Former New Orleans Saints running back Dulymus Jenod "Deuce" McAllister had more success on the field than he did selling cars. In 2009, Nissan sued McAllister's car dealership in federal district court for the return of vehicles valued at almost $5.7 million. Soon after, the dealership filed for bankruptcy.
"It's basically the tough economic times that we're in," McAllister told The Associated Press.
Benjamin F. Renzo, author of "Hall of Fame: How to Manage Financial Success as a Professional Athlete," is a big proponent of athletes trying to build successful businesses.
Even so, a lot of players don't hire advisers who understand the risks of starting a business, Renzo says. Some athletes have their agents advise them on these issues. But they're not qualified to give financial advice.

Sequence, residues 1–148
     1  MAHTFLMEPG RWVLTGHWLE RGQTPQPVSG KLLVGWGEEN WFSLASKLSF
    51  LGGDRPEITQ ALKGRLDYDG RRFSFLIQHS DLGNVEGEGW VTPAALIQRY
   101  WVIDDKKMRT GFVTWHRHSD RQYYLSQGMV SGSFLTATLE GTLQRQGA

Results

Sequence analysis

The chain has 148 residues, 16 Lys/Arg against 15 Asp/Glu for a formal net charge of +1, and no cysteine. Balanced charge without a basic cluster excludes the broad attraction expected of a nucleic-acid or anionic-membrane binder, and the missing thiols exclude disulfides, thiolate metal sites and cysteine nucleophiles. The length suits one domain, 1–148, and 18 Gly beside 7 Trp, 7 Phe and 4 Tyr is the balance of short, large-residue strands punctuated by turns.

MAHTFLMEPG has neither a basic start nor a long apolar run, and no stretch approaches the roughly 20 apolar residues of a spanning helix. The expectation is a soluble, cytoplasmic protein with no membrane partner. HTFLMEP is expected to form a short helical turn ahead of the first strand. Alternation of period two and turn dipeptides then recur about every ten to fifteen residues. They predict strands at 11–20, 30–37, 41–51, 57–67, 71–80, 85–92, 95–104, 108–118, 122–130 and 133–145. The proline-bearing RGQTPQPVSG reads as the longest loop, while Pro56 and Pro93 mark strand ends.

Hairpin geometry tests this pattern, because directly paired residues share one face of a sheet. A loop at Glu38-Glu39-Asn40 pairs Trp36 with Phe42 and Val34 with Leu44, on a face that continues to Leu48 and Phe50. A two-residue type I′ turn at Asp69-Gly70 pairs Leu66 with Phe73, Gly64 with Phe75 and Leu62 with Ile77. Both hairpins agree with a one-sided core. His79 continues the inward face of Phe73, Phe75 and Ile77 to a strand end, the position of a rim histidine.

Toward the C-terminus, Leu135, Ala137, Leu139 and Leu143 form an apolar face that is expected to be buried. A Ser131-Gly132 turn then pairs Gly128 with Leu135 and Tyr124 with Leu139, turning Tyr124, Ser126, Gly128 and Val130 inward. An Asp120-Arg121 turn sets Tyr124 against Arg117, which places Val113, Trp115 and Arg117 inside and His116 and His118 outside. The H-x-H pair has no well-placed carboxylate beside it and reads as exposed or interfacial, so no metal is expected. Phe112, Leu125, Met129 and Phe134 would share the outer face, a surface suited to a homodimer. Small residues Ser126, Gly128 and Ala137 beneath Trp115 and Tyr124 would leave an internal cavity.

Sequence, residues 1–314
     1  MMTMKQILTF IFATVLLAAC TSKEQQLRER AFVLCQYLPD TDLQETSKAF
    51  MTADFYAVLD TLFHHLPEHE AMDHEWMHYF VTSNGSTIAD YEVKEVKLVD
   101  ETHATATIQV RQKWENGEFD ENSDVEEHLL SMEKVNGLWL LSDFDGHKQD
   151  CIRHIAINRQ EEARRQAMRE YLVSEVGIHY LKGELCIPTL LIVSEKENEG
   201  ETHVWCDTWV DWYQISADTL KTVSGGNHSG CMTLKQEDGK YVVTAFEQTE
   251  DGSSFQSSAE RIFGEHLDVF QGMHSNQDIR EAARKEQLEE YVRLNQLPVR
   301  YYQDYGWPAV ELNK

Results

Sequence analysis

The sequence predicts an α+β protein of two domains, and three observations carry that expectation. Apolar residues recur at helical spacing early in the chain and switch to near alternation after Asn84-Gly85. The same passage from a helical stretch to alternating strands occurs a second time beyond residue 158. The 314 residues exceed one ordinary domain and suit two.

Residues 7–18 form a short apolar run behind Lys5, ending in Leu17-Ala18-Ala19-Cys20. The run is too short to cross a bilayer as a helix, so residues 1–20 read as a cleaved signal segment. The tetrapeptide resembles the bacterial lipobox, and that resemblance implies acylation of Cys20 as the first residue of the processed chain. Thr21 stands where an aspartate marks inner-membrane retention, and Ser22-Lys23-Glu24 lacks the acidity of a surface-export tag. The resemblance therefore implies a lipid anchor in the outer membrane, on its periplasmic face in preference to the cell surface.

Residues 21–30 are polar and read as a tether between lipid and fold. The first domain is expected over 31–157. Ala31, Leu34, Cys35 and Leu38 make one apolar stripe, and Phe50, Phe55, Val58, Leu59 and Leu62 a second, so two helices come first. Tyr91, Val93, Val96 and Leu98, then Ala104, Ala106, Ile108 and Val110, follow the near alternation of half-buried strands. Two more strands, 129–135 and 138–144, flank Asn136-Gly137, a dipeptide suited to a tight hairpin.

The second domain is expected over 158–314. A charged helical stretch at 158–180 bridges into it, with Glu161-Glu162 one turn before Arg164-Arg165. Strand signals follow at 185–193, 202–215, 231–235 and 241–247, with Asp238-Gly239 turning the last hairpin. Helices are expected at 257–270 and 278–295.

Athletes should invest only what they can afford to lose. Private investments should only make up about 10 percent to 15 percent of an athlete's investing net worth, Chasnoff says.
"You don't want to be swinging for the fences," Chasnoff says. "It's not a prudent way to go about accumulating wealth."